We understand why she crawls in the grass and dirties her nails, because we have been on the journey with her. We know exactly how she feels.
Christina on writing “Grass”
Jen: The second person point of view is not one you often encounter as a reader. Why did you opt for this point of view in “Grass”? Is it a point of view you use often?
Christina: I didn’t consciously write in the second person. The story felt to me like opening a door, and standing side by side with someone to point out the view, naming all the hills, lakes and valleys in my role as a dispassionate observer.
The second person is an interesting POV to use as it is strong, immediate, and intimate. The reader becomes complicit from the beginning. This closes the space between the reader and writer, but also allows room for interpretation, so I found it rather liberating.
Jen: I loved the structure of “Grass” the shifts in the time from one moment to the next. It really gave me a sense of a whole lifetime having passed before my eyes within a very short space of time. Did you set out to construct the story this way? I can imagine it would have been quite difficult to compress so much into such a short piece.
Christina: I usually write much longer stories. With Grass I set out to narrate a life in under 1,000 words. I wanted to condense the narrative to as few images /scenes as possible to give a sense of time passing, and allow the characters to be defined by the drama. I was thinking visually when I started writing it, using the Saturday Guardian to create a kind of fictitious collage – the way we are served ideas of how life ‘should’ look on one page, then shown the reality on another. The Talking Head’s song ‘Once in A lifetime,’ was also in the mix.
Jen: The title is very intriguing. Can you tell us a little about that?
Christina: I’d love to say I had all sorts of clever notions about this, (universal, self seeding, grass on the other side is always greener etc….). However, it was originally (and unimaginatively) called ‘Imagine…’ Grass came from the vision of the flame grass, a presence in its right, rustling, a kind of chorus, subtle but insistent on being heard. I wanted this to give expression to the universality of the narrator’s experience.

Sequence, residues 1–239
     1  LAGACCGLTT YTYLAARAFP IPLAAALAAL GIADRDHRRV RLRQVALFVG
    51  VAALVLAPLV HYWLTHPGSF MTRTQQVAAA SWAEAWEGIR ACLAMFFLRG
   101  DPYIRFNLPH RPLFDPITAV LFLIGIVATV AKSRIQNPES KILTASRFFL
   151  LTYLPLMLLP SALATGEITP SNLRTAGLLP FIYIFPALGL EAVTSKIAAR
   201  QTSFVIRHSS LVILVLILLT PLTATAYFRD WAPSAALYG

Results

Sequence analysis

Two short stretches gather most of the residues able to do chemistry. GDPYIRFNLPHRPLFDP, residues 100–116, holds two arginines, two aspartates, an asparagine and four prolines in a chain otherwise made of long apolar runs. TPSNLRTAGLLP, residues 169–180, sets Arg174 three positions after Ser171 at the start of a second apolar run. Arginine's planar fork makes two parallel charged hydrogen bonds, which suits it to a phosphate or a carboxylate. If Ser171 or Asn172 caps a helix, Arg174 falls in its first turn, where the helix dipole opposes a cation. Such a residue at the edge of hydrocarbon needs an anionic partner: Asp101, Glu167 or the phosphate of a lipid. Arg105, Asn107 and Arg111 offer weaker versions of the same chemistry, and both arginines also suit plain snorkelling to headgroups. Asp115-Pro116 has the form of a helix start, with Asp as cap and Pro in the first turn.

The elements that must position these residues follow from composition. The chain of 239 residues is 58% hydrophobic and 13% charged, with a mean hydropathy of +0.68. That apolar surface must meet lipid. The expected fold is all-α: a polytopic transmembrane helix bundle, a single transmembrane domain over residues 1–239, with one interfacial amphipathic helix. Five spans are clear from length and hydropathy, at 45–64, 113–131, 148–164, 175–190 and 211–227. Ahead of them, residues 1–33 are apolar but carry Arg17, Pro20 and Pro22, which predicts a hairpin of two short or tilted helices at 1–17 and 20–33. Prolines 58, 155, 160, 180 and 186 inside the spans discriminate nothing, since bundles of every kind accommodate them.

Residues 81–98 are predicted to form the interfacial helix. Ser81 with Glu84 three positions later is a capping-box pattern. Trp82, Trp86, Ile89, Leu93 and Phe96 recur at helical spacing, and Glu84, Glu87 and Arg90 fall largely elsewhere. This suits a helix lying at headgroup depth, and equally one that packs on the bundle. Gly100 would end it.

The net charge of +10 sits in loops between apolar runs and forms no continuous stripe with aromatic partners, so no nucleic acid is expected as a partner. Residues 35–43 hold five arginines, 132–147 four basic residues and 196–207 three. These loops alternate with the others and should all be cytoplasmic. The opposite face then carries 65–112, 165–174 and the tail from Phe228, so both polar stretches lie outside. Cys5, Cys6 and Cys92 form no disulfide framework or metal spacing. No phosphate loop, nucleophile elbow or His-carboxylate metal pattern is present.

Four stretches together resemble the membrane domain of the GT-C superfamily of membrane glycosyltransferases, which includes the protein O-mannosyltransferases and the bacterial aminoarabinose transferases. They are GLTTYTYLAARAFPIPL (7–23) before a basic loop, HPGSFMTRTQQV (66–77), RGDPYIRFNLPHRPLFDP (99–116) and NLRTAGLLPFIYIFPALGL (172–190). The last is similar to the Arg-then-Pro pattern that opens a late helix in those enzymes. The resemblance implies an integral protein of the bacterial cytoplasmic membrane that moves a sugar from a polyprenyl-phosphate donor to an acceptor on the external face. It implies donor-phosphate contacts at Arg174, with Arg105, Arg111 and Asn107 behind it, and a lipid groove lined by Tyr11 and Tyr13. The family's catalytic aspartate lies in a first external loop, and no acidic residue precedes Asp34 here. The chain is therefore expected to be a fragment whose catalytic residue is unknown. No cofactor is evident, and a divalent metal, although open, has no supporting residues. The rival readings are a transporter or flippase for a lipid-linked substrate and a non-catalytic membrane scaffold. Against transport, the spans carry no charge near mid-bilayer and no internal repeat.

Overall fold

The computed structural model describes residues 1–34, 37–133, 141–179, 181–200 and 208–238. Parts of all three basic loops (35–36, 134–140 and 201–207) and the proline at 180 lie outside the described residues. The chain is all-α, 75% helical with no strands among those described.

Jen: The language in “Grass” is beautifully understated, almost minimalist, but it packs an emotional punch. The final paragraph is quite lyrical and stands slightly apart – in terms of its tone – from the rest of the story. I liked this. It made the final scene very powerful for me, as if I was also becoming aware of time passing and the essential essence of things – the dirt, the dust. How conscious of this were you?
Christina: Ah… the difficult last paragraph (as opposed to the first and second one). The ending changed many times as I couldn’t get it to ring true to the rest of the story. However, I knew it would have to end in the garden. At the time I began writing it I was teaching a creative writing class on endings, and thinking about Lorrie Moore’s adage that the ending should shine a light over the whole story, but as I couldn’t get it to work I abandoned it for a while. It was only when I came back to it afresh, that I knew she had to get down and dirty; this in a sense was life and death.
Jen: Finally, we’ve had our say about “Grass”, but what do you like about it?
Christina: That it’s published! Seriously, as I grow older I’ve become increasingly interested in the notion of compromise which I’ve been exploring in my writing. It’s a word that is usually used pejoratively to suggest you can’t get want you want, or have to give something up, both of which are negatives. Yet, I think the concept of compromise if far more nuanced and less bleak than this, so I’m pleased a little of this has been conveyed in Grass.
What do you think of “Grass”? Why not take a read and let us know?